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While a drive through rolling vineyards might sound romantic, the responsibility of getting behind the wheel after every tasting could put a huge damper on your wine country experience. Cycling, strolling, floating? Now those sound like more fun—and safer—ways to savor California’s Napa and Sonoma valleys. Here are some of the best ways to do California wine country without a car.

RELATED: Here’s the secret to spending 3 perfect days in San Francisco & Napa

The restaurant car in the wine train in Napa

The restaurant car in the wine train in Napa | Flickr CC: Michele Ursino

All aboard: Napa by train

What’s more relaxing than unwinding with a glass of wine? Unwinding with a glass of wine… on a train. The Napa Valley Wine Train is a restaurant on wheels—a restored vintage train that glides you along a 25-mile track of scenic vineyards, as servers keep you filled with food and wine from three on-board kitchens. Choose from a three-hour, meandering ride or a shorter on-board time that includes hopping off to tour a winery en route.

Be a high roller: Sonoma by zip line

 If you like the idea of a bird’s-eye view but also have a need for speed, then check out Sonoma Canopy Tours. This adrenaline rush is less about vineyards and more about the area’s towering redwoods. Traverse a course that features zip lines, bridges and other obstacles. Bonus for families: Unlike many of the 21-and-up wine country activities, this one’s suitable for all ages.

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Have a trolley good time: Sonoma by cable car

The Sonoma Valley Wine Trolley will pick you up from your hotel for open-air ride in a motorized replica of a 19th-century cable car. Sounds like the real San Francisco treat.

Sonoma hot air balloon ride

Sonoma hot air balloon ride | Flickr CC: Rin Johnson

Full of hot air: Sonoma by hot air balloon

It sounds so picturesque: sailing over wine country in a hot air balloon. A handful of companies offer ballooning tours over Sonoma County but regardless of which you choose, you’ll be treated to breathtaking views of lush vineyards, the Pacific Ocean and mountains like something out of a watercolor painting. Most tours depart in the early morning, when winds are calm and the air is cool. But Mother Nature ultimately calls the shots, so schedule a ride in the early days of your itinerary in case your flight gets pushed back.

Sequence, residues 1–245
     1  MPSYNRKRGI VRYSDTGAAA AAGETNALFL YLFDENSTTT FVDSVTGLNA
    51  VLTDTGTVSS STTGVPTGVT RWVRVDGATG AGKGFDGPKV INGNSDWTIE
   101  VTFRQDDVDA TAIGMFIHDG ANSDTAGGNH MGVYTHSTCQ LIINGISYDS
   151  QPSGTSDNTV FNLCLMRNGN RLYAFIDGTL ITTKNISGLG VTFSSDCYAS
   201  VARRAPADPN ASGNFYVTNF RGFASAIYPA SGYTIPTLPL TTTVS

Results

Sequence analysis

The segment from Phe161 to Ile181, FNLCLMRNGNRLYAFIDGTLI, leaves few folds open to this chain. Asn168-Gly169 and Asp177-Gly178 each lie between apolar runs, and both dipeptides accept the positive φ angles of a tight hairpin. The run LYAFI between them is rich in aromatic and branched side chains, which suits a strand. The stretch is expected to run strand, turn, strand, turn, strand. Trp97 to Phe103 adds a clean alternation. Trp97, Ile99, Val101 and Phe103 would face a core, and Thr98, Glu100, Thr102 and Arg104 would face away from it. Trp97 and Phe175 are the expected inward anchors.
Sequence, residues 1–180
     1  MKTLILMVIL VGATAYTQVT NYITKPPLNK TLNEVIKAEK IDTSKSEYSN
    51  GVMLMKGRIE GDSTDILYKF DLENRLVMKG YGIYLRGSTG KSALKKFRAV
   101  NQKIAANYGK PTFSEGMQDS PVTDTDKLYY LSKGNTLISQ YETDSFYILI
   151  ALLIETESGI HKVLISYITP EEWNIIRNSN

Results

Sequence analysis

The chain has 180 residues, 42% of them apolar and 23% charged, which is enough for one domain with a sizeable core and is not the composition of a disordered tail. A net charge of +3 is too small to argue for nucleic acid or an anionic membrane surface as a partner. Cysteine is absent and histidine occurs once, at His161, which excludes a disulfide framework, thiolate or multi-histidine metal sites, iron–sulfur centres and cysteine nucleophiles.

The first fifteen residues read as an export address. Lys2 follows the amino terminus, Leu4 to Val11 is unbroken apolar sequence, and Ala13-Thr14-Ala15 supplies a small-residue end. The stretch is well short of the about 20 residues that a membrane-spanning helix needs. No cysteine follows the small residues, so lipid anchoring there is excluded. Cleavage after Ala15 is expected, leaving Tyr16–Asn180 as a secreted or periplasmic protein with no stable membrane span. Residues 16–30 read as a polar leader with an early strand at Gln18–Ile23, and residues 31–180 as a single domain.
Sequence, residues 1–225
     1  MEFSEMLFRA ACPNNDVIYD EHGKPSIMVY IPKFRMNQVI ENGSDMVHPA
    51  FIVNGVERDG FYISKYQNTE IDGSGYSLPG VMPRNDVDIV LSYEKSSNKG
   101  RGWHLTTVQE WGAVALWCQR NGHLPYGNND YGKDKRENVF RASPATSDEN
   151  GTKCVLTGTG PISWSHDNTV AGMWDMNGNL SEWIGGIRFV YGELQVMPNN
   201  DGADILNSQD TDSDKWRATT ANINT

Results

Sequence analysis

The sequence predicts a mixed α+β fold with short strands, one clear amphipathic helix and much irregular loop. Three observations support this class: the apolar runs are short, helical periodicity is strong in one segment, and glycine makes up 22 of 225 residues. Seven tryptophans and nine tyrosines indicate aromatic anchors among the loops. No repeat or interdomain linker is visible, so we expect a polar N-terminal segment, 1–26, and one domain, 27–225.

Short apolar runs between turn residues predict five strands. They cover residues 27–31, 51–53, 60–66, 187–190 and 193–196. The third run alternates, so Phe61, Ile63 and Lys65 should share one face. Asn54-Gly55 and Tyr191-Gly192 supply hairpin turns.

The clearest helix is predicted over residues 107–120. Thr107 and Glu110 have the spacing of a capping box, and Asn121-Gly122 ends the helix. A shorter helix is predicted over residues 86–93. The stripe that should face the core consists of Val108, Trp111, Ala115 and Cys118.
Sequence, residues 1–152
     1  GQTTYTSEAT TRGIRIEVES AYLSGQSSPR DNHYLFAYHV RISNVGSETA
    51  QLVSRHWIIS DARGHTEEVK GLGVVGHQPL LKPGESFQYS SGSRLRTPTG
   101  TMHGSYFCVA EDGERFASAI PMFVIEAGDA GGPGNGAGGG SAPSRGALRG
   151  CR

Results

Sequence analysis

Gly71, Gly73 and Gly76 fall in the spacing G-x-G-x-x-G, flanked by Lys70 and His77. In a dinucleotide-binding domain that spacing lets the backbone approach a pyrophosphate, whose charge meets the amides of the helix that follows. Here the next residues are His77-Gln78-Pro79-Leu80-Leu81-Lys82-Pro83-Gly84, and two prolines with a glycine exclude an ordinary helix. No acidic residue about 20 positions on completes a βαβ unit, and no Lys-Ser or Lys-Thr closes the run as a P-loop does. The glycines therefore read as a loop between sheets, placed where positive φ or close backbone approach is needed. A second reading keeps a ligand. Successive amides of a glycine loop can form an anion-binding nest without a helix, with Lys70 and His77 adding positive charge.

On two wheels: Napa by bike

Bike tours in Napa Valley are all about options: BYOB or rent one; take a guided tour or self-guided tour; ride around the vineyards or in the vineyards. Yes, really. Embark on Napa Valley Bike Tours’ off-roading option, which includes, for 2 to 4 miles of rugged pedaling between each winery stop. For something less bumpy, try the new Napa Valley Vine Trail—a car-free, 7-mile stretch connecting Napa and Yountville.

Take a hike: Wine country on foot

It’s called wiking: wine + hiking. Wine Country Trekking offers multi-day, self-guided “walking vacations” that combine walks through vineyards, prearranged tastings and meals, downtime for activities like spa treatments and shopping (a.k.a. more walking) and, thankfully, transportation to your night’s lodging, which is also included. It’s like a self-guided tour with the safety net of a prearranged itinerary. Or, if you’ve just got one day to spend, opt for a walking tour of wine country, which is like a pub crawl but with more antioxidants. Tour companies such as Healdsburg Wine Country Walking Tours partner with wineries and restaurants to take you on an hours-long progressive dinner with a sip here and a bite there. Wear comfy shoes.


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Tagged: California

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Dalia Colon

Dalia Colon

Dalia is a multimedia journalist in Tampa and the Smart Travel Insider for VISIT FLORIDA. Follow her on Twitter @daliacolon.

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